I get it though; you’re keen to let folk know of ‘what they could’ve won’ so to speak. But to go one further and directly take someone out of the moment with a purchase option, is kind of brutal in my view. Yes, it is user choice to actually click on one of those locked menu items. But still…

A hover-over tooltip with brief info about the item coupled with a weblink, should the user wish to go off to explore more, might be a reasonable alternative.

Or, you could have the menu items there by all means, but are simply locked and greyed out… less ‘intrusive’ visually and one would soon learn their intended message and purpose.

Anyway, just giving some feedback - glad to read you are all thinking further on this internally.

Well - the ‘complaint’ being made here is that the purpose and function of these is to literally do more than that. Either of my suggestions above, would provide exactly what you say without the baggage…

It’s curious to see how a genuine proposal to upgrade “if you want” is met with so much resentment, while much more subtle adverts that we are bombarded with every day get close to no reaction, just silent surrendering (and that’s exactly what those ads are designed for).
I believe the lesser evil solution would be to have the popup show maximum once per session, with the locked buttons simply doing nothing afterwards. Additionally, a “do not show this again” checkbox could be added to the popup window.
No reminder is needed about Dorico asking (not withdrawing automatically!) for upgrade money once every 18 months on average, and with a gazillions new features, fixes & improvements given away just for free.


Let’s pin this message somewhere the next time someone asks for differences between versions.

You call it resentment - its my opinion. If I had a pop up every session - forget it - I would use something else. Anyway Ive said my views and Daniel has sent an installer for the last version so thats great.

I can understand both sides. I changed my virus scanner a year ago and since then I have been regularly reminded that there is also a version with additional features. This message pops up at regular intervals and I can’t turn it off. It would now be time to renew the normal subscription, but I will return to my old virus scanner for this reason alone. In this respect, I would like to see the solution proposed by @bill0287, where the notifications about the additional features of the Dorico Pro version can be switched off.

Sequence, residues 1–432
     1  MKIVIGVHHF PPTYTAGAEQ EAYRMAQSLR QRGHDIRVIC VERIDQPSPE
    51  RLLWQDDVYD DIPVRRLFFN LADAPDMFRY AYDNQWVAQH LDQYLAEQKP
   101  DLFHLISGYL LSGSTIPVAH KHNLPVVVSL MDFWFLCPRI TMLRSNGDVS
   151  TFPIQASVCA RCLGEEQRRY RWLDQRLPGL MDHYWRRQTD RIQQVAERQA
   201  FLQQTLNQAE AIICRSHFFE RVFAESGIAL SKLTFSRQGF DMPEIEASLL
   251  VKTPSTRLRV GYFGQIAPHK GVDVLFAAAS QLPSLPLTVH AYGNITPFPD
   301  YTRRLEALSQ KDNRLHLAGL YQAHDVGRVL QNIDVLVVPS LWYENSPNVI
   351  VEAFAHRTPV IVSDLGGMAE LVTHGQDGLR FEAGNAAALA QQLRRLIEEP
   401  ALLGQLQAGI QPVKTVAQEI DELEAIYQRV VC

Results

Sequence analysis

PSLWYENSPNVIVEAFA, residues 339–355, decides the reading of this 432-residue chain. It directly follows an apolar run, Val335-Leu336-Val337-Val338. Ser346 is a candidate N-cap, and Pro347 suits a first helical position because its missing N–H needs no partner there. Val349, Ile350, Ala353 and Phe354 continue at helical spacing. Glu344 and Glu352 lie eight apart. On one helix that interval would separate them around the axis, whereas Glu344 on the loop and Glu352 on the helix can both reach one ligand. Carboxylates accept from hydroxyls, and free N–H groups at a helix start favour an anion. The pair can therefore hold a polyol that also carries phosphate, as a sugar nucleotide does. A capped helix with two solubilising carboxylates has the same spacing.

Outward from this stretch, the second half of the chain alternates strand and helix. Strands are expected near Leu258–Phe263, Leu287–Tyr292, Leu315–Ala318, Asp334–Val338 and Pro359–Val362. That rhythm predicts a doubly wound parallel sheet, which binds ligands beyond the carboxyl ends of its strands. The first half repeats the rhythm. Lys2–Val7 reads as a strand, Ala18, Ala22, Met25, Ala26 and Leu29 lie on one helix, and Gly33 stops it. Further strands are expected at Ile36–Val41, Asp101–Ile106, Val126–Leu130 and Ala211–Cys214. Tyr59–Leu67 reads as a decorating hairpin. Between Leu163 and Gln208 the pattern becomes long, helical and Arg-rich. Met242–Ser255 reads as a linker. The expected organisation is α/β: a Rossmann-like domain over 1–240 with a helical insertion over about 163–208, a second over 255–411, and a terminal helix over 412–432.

I like the idea of being able to switch off the extra, locked options; but that wouldn’t annoy me nearly as much as the practice some software manufacturers (like Final Draft) have of sending me emails to upgrade to a version of their product I already have. I wonder what the point of registering the software is if they cannot limit promos to those who do not already own the software.

this seems to me to be the best option. I do understand those who feel we are moving in a marketing direction – obviously all software vendors want to sell you their product (and of course as a Pro user, I was myself sold long ago) but the current approach will likely alienate as many users as it encourages.

I’m with you there. Even the red badge in the Hub is another distraction to deal with. I’ve only ever used Pro, so I hadn’t actually seen the effect. In my comment (#6) I was going by my experience with BBEdit (plain text editor for Mac).

BBEdit lets you use all its pro features for 30 days, and thereafter reverts to Free Mode, in which those commands show a :star: next to them. When you choose one you get a low-key dialog explaining the situation. I find I don’t need those functions enough to purchase a Pro license. But I can check them out again every time there is a free update. In the title bar of every window there is a little “Free Mode” button which pops up the dialog for purchase options. It’s all easy enough to ignore.

I, too, strenuously avoid anything resembling advertising while running software. It’s about all I can do to ignore the tiny ad banner at the bottom of my phone screen on the main menu of my favorite Sudoku game.